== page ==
Wednesday, March 21, 2007

Mr. Clanton Goes to Washington

(Washington, D.C.) If you’ve thought this corner of the blogosphere has been a little quiet this week, well, you’re right. I’ve been a little busy.

This posting comes to you direct from Gate 14 at Reagan National Airport, just across the Potomac from our Nation’s Capital. The past three days have been spent in preparing and presenting research on behalf of the Leukemia-Lymphoma Society.

This is a lame-duck year in Congress.
Although there’s a “new” Democrat majority in control, they are rapidly reaping the whirlwind of their own stalling tactics of the past six years.
Republicans are fast learners.
Well, maybe not, but they have taken good notes on how the Dem's managed to delay action on stuff they didn’t like.
Now it’s the Republicans’ turn.

This would all be very entertaining, were there not some real life and death issues at stake.
No, not the Iraq War funding bill.
But appropriations for continuing funding for blood cancer research at the National Cancer Institute, the Department of Defense, and the Geraldine Ferraro Blood Cancer Research Education Program are three key areas in which we really can’t afford to cut corners.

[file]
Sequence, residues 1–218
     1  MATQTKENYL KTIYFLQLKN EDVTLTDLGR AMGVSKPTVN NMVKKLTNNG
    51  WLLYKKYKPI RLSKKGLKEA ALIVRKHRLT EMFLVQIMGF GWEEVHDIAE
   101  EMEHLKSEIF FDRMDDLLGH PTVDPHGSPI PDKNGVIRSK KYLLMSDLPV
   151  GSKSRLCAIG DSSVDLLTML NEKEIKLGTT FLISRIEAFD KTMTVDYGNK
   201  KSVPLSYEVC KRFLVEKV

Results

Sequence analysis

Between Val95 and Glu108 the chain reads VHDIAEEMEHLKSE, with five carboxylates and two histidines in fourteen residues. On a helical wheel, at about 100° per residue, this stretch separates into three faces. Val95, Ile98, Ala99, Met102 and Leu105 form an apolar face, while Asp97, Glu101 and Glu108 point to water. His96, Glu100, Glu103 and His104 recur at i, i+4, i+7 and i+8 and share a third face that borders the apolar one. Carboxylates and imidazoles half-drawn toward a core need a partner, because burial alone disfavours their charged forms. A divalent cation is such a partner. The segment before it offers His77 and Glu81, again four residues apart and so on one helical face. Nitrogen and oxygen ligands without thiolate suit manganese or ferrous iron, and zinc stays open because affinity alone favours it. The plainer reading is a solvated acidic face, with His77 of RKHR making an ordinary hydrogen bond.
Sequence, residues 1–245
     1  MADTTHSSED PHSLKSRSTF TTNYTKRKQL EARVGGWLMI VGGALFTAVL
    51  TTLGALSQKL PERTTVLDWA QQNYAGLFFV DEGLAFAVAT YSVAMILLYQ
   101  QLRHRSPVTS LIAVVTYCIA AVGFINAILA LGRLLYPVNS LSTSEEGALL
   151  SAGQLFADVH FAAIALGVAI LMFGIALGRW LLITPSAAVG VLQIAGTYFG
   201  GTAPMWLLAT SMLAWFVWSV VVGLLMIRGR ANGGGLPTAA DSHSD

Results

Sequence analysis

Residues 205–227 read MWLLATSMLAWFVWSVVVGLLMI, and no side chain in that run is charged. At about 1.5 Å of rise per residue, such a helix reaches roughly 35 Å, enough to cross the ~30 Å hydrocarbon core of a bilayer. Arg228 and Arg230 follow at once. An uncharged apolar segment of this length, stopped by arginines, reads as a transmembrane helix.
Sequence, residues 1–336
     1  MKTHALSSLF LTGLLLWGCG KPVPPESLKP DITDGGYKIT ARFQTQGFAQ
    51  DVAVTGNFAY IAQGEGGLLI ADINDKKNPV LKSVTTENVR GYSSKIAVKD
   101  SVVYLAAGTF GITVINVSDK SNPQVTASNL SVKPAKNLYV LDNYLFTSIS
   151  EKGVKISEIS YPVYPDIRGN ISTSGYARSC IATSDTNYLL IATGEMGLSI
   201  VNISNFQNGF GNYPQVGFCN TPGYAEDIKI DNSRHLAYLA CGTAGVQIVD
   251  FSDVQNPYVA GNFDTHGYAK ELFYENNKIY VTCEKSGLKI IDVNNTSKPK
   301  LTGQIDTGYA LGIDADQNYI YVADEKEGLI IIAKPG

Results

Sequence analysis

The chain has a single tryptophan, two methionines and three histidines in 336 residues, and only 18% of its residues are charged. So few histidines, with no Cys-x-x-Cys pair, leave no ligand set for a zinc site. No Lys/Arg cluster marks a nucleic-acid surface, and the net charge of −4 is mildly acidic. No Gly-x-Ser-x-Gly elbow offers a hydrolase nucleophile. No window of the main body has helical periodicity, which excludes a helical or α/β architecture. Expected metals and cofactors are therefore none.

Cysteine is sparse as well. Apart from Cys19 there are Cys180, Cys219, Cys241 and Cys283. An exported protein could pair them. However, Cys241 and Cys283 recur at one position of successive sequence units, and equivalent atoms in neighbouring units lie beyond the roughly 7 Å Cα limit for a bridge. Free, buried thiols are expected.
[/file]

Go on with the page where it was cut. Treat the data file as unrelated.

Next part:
Research funding has actually shrunk in recent years, despite a doubling of efforts and appropriations. Even when funding remains flat, it’s a step backwards because of the effects of inflation. The fear is that because the researchers who are doing the serious work of identifying how cancer works and identifying the compounds to counter it, are like you and me, they go where the money is.

Doing rewarding science work doesn’t always pay the bills.
And as federal funding wanes, there’s a “brain drain” effect in this area of science.
That also creates a loss of momentum in the work and progress that has been achieved so far by these brilliant researchers.

So I and 300 of my cohorts in the Leukemia Lymphoma Society mounted another annual Mission Day to preach the gospel of Gleevec and promote the idea that with more money to pay researchers, the final key to curing all cancers can be obtained. We’re close.

On Monday I lunched with Dr. Robert Newell, who 40-years ago had an idea that cancer might be the result of a genetic flaw. He was right—and determined how chromosomes which are mis-stacked cause cells to mis-fire internally. Based on his work, Gleevec was developed which completely corrects the genetic flaws which cause Chronic Myeloid Leukemia (CML) in the majority of patients which use it. A secondary benefit of this medication is its use in the treatment of Gastrointestinal Stromal Tumors.

There are more developments to be made…but it takes money.
And time.

Wars come and go.
Parties rise up and decay.
Power shifts.

Cancer, however, respects neither race, gender or party lines.
The congressmen we talked to this week said they get that.
I hope they do.

You might want to drop your congressman a line this week, and encourage them to support more funding for blood cancer research at the federal level.

You may thank yourself later, when a friend, family member…or you…discovers you have a personal need for the results of that life-saving work.

No comments: